Mixing art cinema, fantastique and exploitation, Jean Rollin created a unique cinematic world, transgressive and oneiric, and dominated by the feminine. His films, steeped in the roman noir of the 18th and 19th century via his love for Surrealism, are peopled by damsels in distress who reveal themselves much less vulnerable than they initially appear.
Electric Sheep editor Virginie Sélavy will look at the way in which Rollin’s films use Gothic motifs such as the castle and the vampire to question social and moral norms and subvert conventional gender expectations. She will also explore the conflation of exploitation and aesthetic vision in his work, and the insight it offers into the tensions around the representation of the female body in the sexual liberation era.
Longtime genre critic Marcelle Perks will investigate Final Girl strategies in the films of Rollin, looking at the ways his predominantly female protagonists depart from the tropes emerging from the slasher films of the time, as analysed by Carol Clover in her 1987 essay ‘Her Body, Himself’, which became the basis of the seminal Men, Women and Chainsaws. Perks will also examine Rollin’s unique approach to concepts of contagion and infection, with an emphasis on Les raisins de la mort (1978) and La nuit des traquées (1980).
Both Marcelle Perks and Virginie Sélavy contributed to the new book Lost Girls: The Phantasmagorical Cinema of Jean Rollin, edited by Samm Deighan and written by entirely women critics, scholars and film historians, which will be available for sale at the screening.
About the instructors:
Marcelle Perks is a British author and journalist. Since 1993 she has contributed freelance articles to magazines such as Redeemer, Fangoria, Shivers, Flesh and Blood, SamHain, Kamera, Rue Morgue, Nerve.com, Film Maker magazine, The Dark Side and Videoworld. She has an MA in Media Studies and has taught creative writing at Leibniz University. She has contributed to The BFI Companion to Horror, British Horror Cinema, Gothic Lifestyle, Cinema Macabre, and Alternative Europe: Eurotrash & Exploitation Cinema since 1945. She’s also written how-to guides on sexuality and writes erotica and crime novels. Since 2001 she has lived in Germany.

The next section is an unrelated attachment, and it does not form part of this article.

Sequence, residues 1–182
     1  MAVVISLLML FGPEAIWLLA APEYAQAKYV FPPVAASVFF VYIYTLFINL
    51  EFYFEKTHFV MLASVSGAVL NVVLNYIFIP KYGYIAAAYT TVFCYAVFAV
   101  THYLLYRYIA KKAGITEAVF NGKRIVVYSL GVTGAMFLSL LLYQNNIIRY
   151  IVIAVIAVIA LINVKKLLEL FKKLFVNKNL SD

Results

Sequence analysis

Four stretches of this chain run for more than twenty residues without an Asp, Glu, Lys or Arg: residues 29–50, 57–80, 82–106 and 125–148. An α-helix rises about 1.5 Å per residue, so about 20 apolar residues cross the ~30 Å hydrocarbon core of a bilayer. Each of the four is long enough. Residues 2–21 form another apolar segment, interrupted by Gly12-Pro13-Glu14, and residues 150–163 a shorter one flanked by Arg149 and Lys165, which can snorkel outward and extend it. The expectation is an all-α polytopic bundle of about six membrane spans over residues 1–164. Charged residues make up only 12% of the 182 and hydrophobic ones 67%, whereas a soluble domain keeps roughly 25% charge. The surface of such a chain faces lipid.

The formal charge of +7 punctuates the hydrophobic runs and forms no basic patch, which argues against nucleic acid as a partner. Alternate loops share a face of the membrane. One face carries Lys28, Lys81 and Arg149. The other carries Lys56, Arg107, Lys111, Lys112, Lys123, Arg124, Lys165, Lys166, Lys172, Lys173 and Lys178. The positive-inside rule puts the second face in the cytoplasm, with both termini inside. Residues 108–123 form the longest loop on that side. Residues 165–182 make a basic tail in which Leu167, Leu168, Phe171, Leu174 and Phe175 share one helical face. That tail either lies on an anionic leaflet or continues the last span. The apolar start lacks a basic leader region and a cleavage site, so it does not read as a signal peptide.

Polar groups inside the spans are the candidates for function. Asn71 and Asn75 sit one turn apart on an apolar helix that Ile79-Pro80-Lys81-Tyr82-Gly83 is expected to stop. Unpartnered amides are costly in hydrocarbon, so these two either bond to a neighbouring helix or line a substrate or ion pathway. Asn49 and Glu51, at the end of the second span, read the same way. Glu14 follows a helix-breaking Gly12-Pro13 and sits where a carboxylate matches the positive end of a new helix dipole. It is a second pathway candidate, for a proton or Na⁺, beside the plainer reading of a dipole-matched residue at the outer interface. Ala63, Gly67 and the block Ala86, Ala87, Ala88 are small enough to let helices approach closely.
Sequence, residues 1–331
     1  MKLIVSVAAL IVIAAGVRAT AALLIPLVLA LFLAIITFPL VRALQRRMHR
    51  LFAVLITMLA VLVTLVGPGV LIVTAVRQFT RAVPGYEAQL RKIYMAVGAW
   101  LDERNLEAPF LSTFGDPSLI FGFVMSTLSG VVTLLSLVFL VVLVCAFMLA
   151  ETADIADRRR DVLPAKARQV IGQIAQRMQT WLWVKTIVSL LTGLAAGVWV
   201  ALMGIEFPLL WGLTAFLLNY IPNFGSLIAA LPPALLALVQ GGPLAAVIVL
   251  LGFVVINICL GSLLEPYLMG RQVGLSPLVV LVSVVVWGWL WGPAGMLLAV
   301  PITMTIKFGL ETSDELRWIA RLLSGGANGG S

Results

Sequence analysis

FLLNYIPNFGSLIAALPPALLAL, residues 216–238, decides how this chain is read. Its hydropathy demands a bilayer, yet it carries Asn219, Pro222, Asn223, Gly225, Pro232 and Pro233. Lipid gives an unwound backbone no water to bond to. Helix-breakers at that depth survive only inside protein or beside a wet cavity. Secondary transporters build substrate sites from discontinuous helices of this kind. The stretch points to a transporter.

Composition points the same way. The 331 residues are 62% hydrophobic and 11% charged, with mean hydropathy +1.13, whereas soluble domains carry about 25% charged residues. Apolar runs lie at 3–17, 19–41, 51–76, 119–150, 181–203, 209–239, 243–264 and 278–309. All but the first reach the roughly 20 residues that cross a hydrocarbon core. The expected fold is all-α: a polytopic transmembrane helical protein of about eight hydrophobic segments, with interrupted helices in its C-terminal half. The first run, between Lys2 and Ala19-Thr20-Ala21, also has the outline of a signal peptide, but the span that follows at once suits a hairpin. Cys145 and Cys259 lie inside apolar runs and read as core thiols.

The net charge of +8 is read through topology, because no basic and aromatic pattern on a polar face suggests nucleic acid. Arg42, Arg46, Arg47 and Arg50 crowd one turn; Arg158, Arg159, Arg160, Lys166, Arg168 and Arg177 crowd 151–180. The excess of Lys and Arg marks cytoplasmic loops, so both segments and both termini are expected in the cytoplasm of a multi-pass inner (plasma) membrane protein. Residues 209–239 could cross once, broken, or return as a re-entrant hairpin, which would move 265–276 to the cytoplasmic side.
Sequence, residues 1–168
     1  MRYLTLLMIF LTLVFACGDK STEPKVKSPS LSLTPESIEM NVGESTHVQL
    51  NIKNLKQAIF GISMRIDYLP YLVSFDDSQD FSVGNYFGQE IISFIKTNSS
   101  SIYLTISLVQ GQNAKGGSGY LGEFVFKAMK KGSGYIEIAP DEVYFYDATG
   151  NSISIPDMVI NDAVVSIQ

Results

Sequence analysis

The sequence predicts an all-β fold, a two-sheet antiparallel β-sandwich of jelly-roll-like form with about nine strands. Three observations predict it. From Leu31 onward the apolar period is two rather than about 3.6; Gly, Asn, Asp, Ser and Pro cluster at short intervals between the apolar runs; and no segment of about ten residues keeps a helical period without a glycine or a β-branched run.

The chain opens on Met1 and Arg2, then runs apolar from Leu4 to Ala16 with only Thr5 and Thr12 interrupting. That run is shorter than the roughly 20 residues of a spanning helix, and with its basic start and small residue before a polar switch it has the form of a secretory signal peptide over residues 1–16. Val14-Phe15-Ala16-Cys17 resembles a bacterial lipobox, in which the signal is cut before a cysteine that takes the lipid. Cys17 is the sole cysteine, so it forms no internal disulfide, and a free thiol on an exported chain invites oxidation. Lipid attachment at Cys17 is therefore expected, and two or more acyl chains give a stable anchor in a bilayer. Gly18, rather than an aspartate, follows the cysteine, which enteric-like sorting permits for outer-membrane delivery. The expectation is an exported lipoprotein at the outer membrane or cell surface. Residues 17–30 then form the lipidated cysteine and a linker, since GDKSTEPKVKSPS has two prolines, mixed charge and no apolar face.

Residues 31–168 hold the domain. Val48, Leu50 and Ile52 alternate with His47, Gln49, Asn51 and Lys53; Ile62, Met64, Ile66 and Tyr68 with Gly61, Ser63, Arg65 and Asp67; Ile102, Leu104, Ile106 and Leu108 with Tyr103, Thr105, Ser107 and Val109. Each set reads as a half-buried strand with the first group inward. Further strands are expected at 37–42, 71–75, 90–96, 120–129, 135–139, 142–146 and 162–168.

Virginie Sélavy is the founder and editor of Electric Sheep, the online magazine for transgressive cinema. She has edited the collection of essays The End: An Electric Sheep Anthology, and has contributed to World Directory Cinema: Eastern Europe and written about Victorian London in Film Locations: Cities of the Imagination – London. Her work has appeared in various publications, including Sight&Sound, Rolling Stone France, Cineaste and Frieze.
About the Miskatonic Institute:
Named for the fictional university in H.P. Lovecraft’s literary mythos, The Miskatonic Institute of Horror Studies is a non-profit, community-based organization that started in Canada, founded by Kier-La Janisse in March of 2010. The school currently has branches in Montreal and London, with Miskatonic London operating under the co-direction of Kier-La Janisse and Electric Sheep Founder/Editor Virginie Sélavy.
All classes take place at the historic Horse Hospital, the heart of the city’s underground culture. Season ticket is £35 and will be available shortly. Individual class tickets are £10 advance / £11 on the door / £8 concessions and will be available 30 days in advance of each class.
For full details of the next courses please check the Miskatonic website. For all enquiries, please email Miskatonic.london[at]gmail.com.